You can know all the latest and great tactics in your industry. You can have your finger on the pulse of what’s hot in your field. But if you don’t have a clear picture of your overall strategy for business, those tactics are worthless.
(And you’ve spent too much time, money, and energy learning them to render them useless, right?)
You want to set your business up for strategic success so that you can put those tactics and trends to use—and better yet, start to develop some of your own.
In a Harvard Business Review article by Roger Martin, strategy is defined as knowing Where You Want to Play and How You’re Going to Win. And while the essence of that—that business is a game and that there’s a clear path to winning—might have resonated with MBAs and corporate big wigs before the dawn of the New Economy, I don’t think it resonates with today’s new wave of entrepreneurs who are building communities and movements as much as they are building revenue streams and management systems.
So what do you need to know to set up your business for strategic success? Try these 5 questions I’ve adapted the framework that Martin poses to capture our context of creation and connection.
#NewEconomy Strategy: Where to Create & How to Connect
- What is your vision for making life meaningfully better for your business community and what are the metrics of success by which you’ll measure that vision?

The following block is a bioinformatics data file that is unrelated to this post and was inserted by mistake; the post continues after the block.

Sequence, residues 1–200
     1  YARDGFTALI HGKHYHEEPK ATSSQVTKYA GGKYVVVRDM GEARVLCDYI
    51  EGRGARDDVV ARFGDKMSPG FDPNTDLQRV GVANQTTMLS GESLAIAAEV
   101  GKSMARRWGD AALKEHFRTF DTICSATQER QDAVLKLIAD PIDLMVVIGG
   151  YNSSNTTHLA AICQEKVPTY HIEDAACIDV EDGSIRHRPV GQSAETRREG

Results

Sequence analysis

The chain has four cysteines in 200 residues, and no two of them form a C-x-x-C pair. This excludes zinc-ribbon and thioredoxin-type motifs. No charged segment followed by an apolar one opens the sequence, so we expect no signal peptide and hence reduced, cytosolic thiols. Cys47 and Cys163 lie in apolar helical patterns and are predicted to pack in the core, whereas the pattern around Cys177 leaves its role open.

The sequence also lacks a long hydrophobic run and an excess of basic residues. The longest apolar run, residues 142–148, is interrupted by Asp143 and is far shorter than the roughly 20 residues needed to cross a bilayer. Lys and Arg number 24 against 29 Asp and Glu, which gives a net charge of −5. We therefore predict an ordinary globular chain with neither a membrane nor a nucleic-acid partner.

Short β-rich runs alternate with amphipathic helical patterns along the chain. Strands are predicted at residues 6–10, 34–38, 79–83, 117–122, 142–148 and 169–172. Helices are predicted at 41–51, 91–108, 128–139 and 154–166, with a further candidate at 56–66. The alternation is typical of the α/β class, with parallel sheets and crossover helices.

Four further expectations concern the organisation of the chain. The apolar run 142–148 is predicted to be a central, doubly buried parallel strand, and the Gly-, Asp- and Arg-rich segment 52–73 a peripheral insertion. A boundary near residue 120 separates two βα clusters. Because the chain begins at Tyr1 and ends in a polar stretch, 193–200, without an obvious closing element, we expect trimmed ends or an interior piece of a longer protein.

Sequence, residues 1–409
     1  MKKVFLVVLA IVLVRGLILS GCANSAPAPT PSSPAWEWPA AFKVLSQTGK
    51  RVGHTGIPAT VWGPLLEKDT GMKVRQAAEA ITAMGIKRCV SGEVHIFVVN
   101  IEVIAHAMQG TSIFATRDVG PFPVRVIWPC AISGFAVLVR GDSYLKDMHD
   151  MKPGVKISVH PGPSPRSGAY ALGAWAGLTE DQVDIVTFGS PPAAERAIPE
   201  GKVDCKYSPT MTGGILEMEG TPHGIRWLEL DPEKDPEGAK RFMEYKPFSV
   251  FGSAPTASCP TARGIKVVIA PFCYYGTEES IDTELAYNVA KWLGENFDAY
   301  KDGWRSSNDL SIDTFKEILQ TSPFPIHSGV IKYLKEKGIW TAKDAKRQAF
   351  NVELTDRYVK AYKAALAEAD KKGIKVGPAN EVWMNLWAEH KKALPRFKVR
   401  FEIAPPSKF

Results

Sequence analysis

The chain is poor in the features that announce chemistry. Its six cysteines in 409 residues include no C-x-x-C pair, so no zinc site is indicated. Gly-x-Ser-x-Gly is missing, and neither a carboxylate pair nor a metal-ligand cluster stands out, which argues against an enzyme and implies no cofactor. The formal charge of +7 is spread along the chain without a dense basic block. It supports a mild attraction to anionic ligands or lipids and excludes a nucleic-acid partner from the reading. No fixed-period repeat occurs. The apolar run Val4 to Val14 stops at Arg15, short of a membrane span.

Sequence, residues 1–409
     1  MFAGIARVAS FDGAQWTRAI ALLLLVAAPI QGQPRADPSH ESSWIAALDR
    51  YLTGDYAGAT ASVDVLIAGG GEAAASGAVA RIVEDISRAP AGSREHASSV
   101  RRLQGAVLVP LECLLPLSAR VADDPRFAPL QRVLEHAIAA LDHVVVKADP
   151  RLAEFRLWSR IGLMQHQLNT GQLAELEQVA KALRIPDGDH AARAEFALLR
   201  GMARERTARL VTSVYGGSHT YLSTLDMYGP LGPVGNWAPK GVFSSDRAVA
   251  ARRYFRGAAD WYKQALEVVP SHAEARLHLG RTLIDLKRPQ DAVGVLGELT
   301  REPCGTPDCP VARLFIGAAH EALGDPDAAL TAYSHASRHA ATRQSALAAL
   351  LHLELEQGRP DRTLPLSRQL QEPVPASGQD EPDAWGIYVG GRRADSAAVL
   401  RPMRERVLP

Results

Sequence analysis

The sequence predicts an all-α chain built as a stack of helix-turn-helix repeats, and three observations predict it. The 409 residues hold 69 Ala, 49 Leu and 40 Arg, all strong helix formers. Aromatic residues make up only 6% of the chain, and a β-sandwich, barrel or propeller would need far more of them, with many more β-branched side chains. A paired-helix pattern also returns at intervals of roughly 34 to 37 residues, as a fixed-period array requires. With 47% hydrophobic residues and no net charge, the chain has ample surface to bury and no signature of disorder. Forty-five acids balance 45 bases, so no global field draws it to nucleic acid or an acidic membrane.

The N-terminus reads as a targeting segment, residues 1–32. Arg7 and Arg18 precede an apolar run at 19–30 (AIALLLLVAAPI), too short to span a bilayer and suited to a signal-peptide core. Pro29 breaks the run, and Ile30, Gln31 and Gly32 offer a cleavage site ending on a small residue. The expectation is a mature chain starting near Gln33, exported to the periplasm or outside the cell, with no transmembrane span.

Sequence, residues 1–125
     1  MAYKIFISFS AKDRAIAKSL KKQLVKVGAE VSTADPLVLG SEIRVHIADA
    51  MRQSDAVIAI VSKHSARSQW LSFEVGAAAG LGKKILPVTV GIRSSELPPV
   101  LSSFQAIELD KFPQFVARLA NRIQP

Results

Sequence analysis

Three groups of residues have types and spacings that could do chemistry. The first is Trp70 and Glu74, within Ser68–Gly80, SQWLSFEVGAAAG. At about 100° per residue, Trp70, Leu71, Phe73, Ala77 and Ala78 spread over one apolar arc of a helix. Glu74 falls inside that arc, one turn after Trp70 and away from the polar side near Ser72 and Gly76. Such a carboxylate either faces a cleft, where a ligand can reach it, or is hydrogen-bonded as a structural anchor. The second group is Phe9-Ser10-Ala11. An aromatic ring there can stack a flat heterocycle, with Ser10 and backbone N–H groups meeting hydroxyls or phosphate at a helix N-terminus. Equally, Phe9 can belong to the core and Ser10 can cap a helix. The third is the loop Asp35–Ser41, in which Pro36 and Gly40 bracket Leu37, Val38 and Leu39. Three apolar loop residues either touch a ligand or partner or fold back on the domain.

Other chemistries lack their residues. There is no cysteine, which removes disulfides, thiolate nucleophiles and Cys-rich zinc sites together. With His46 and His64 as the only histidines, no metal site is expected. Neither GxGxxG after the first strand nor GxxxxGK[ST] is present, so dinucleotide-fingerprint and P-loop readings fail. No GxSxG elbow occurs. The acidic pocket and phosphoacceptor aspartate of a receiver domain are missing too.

- What conversation is your business a part of and what voices in that conversation are your best prospects looking for an alternative to?
- In the greater conversation your business is a part of, how will you represent your unique point-of-view to engage customers who are excited about your businesses strengths, skills, and passion?
- What are the unique strengths, skills, and passion (your Onlyness) your business can invest in to attract your best prospects?
- What product, marketing, sales, and management systems can you put in place to support and enhance your business’s unique strengths, skills, and passion?
Martin, who developed the strategic questions my adaptation is based on, argues iteration is the key to better strategy. You have to be willing to make an initial wager on the answer to your first question, then be willing to evolve that as you answer the second question, and so on.
There’s a dual imperative: to both be committed to your strategic thinking and be willing to iterate when the facts change.
This dual imperative holds true for the New Economy. With communities and conversations constantly evolving, your strategic vision also needs to be constantly open to change.
So while it’s always a good time of year to think strategically, I find that summer presents some great opportunities. As we wrap up the first half of the year, I challenge you to consider how your market, its opportunities, and your plans have evolved in 2014 and how you can evolve your own strategic vision for the second half of 2014 to make the impact in the world you’re here to make.